• CNS and sensory nerves are not affected.
  • There are three recognized routes of botulism exposure.

Ingestion of pre-formed toxin

  • Most common in adults (forage poisoning).
  • In US, involves either processed feed contaminated by animal carcass or big bales.
  • In UK usually involves big bale silage or similar products.
  • Cases occur sporadically or as outbreaks.

Toxicoinfectious botulism

  • Ingestion of spores that germinate → toxin within digestive tract.
  • Especially seen when local GI environment is favorable for overgrowth, eg gastric ulceration Stomach: gastric ulceration, especially in foals (normal intestinal flora of adults inhibits spore growth).

Wound infection

  • Contamination of wound → toxin production (rare).
  • Neurotoxin spreads throughout body → blocks acetylcholine release at:
    • Neuromuscular junctions.
    • Peripheral cholinergic nerve terminals in preganglionic nerve endings.
    • Postganglionic parasympathetic nerve endings.
  • CNS and sensory nerves are not affected.
  • Proposed mechanisms of toxin action include:
    • Interference with calcium function at nerve terminal.
    • Inhibition of acetylcholine release.
    • Blockage of exocytosis of synaptic vesicles.


  • Incubation periods from 2 h to 2 weeks; symptoms usually develop within 12-24 h of exposure.
  • Related to toxin dose, ie patients with gradual presentation and slow progression of signs have probably been exposed to small doses of toxin; rapid onset and severe signs are more common with large toxin doses.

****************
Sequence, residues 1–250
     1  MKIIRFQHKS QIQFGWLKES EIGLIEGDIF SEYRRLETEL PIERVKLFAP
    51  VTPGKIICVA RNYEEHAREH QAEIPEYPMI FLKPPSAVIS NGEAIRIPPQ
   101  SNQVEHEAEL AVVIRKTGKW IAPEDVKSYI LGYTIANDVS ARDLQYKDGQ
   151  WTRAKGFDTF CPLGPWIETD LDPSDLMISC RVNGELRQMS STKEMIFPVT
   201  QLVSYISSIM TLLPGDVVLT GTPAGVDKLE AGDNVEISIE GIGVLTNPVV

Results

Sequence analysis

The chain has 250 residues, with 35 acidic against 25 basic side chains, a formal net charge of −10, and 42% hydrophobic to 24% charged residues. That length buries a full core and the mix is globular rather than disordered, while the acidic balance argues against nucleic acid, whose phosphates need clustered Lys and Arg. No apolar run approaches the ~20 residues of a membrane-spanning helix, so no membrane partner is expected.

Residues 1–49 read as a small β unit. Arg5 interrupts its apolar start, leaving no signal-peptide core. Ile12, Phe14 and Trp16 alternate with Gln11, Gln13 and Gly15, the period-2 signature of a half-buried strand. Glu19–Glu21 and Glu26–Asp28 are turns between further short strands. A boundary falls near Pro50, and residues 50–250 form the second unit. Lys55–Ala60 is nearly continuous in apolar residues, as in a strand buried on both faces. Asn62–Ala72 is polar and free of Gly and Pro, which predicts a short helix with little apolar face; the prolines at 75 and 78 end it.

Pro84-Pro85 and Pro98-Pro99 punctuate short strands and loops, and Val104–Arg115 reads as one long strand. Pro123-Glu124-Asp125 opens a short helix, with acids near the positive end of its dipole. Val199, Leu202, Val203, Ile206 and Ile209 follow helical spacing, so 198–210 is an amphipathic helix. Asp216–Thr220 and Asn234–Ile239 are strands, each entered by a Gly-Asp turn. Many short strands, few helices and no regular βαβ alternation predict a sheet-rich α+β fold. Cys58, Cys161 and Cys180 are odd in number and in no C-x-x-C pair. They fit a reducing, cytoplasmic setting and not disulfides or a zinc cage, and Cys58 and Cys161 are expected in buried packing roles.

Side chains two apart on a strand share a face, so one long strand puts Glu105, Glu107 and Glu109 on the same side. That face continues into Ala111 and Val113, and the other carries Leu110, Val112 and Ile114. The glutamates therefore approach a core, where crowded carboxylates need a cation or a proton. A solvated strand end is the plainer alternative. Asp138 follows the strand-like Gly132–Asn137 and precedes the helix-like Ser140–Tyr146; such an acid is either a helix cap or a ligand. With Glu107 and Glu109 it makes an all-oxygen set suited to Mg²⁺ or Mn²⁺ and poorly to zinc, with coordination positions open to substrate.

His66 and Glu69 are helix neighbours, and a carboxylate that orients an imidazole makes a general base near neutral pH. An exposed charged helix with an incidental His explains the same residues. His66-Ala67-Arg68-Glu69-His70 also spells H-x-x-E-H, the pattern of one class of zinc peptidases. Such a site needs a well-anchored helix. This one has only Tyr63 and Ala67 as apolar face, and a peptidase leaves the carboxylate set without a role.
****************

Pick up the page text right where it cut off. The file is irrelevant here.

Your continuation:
This article is available in full to registered subscribers

Sign up now to obtain ten tokens to view any ten Vetlexicon articles, images, sounds or videos, or Login


This article is available in full to registered subscribers

Sign up now to obtain ten tokens to view any ten Vetlexicon articles, images, sounds or videos, or Login


This article is available in full to registered subscribers

Sign up now to obtain ten tokens to view any ten Vetlexicon articles, images, sounds or videos, or Login


This article is available in full to registered subscribers

Sign up now to obtain ten tokens to view any ten Vetlexicon articles, images, sounds or videos, or Login

Further Reading


Refereed papers

  • Recent references from PubMed and VetMedResource.
  • Stratford C H, Mayhew I G & Hudson N P H (2014) Equine botulism: A clinical approach to diagnosis and management. Equine Vet Educ 26 (8), 441-448 WileyBlackwell.